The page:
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Hak-Tae Lim, Kei-youn Lee, Yeoung-Sook Yoo, and Duck-Chun Yang

Since in vitro regeneration and transformation systems in hot pepper (Capsicum annuum L.) have not been available, the application of new genetic manipulations has been limited. Here we report an efficient procedure to regenerate whole pepper plants and to generate transgenic plants expressing a foreign gene was established. High frequency of plant regeneration was observed when hypocotyl and cotyledon explants were cultured on MS/B5 medium supplemented with NAA 0.05 mg·L–1 plus zeatin 2.0 mg·L–1, NAA 0.05 mg·L–1 plus zeatin 2.0 mg·L–1, IBA 10.0 mg·L–1 plus BA 1.0 mg·L–1, IAA 0.02 mg·L–1 plus zeatin 3.0 mg·L–1. An addition of AgNO3 5–10 μm to these media improved the regeneration rate by about 10%. For plant transformation, hypocotyl and cotyledon explants of pepper were preconditioned on kanamycin-free shoot induction medium for 48 hours. Then, co-cultivation with Agrobacterium tumeaacience was done on the co-culture medium for 2 days. The explants were then blotted in sterile filter paper and placed on shoot induction and selection medium containing kanamycin sulfate (100 mg·L–1) and carbenicillin (500 mg·L–1). PCR showed that the introduced ADA gene was integrated and stably expressed in the regenerated plants. ADA enzyme activities were checked by spectrophotometric analysis.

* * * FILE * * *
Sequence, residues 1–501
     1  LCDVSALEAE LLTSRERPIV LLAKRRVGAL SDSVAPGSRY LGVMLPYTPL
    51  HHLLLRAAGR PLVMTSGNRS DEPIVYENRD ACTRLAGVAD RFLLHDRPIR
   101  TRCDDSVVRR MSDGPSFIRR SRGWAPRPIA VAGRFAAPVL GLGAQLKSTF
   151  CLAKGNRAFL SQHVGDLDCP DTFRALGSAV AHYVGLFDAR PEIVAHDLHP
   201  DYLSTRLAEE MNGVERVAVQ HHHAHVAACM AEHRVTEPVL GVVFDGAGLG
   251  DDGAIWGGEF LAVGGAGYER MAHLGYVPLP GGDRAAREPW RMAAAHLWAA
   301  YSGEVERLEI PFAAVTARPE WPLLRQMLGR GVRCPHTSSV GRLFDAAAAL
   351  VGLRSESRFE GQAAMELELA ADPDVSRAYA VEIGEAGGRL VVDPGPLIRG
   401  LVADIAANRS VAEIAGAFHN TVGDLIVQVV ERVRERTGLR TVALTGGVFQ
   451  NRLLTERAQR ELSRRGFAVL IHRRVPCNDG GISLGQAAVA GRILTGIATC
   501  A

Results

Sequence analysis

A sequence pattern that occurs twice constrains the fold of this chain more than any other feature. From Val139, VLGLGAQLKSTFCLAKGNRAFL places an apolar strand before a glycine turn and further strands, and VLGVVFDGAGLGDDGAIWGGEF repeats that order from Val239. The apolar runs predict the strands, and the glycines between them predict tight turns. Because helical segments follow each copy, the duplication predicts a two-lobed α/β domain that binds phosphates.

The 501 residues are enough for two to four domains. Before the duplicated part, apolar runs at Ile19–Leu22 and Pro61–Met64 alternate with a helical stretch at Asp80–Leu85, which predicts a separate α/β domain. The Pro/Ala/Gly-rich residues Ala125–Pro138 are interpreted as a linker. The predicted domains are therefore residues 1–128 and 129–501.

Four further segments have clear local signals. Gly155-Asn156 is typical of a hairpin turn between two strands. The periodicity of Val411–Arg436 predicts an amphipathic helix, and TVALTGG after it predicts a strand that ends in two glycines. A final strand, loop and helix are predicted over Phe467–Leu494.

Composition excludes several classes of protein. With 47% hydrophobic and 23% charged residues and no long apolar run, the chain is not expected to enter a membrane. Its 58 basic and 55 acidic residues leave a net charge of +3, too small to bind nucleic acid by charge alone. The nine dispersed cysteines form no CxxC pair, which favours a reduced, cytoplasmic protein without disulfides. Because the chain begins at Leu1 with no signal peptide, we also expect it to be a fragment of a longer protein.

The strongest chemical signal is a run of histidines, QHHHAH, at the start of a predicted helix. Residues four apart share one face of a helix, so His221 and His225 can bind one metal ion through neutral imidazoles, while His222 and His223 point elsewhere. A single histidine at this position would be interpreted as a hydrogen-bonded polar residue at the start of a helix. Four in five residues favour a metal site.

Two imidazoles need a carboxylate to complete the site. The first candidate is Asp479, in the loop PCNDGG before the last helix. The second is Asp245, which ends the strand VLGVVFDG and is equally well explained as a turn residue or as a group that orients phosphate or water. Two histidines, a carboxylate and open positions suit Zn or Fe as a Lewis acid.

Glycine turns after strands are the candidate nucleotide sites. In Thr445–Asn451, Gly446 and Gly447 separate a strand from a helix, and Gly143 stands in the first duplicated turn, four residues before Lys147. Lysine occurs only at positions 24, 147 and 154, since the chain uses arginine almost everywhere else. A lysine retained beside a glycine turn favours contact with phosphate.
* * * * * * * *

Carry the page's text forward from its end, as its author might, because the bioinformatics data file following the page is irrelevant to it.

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Won Bae Kim, Kwan Soon Choi, Young Hyun Om, and Hak Tae Lim

In an attempt to obtain the basic data for the development of Hanabusaya asiatica as horticultural plants, studies were conducted on the habitat environment, ecological characteristics, various treatments for breaking seed dormancy, and morphological and flowering characteristics of H. asiatica at different growth stages. Hanabusaya asiatica was distributed around areas of 850–1400 m above sea level with an inclination of 5–43°. The vegetation structure of H. asiatica was represented in groups as Quercus mongolica and H. asiatica. In a subgroup, Symplocos chinensis v. leucocarpa for. pilosa, Magnolia sieboldii, and Acer mono were included. Indication species of Quercus mongolica and H. asiatica were Quercus mongolica (B1 layer), Tilia amurensis (B2 layer), Rhododendron schlippenbachii (S layer), Ainsliaea acerifolia v. subapoda, Athyrium nipponicum, Spuriopimpinella brachycarpa, and Carex siderostica (K layer). Soil pH was about 5.4, and soil fertility was relatively in a good condition. The optimum conditions for seed germination was at 25Y.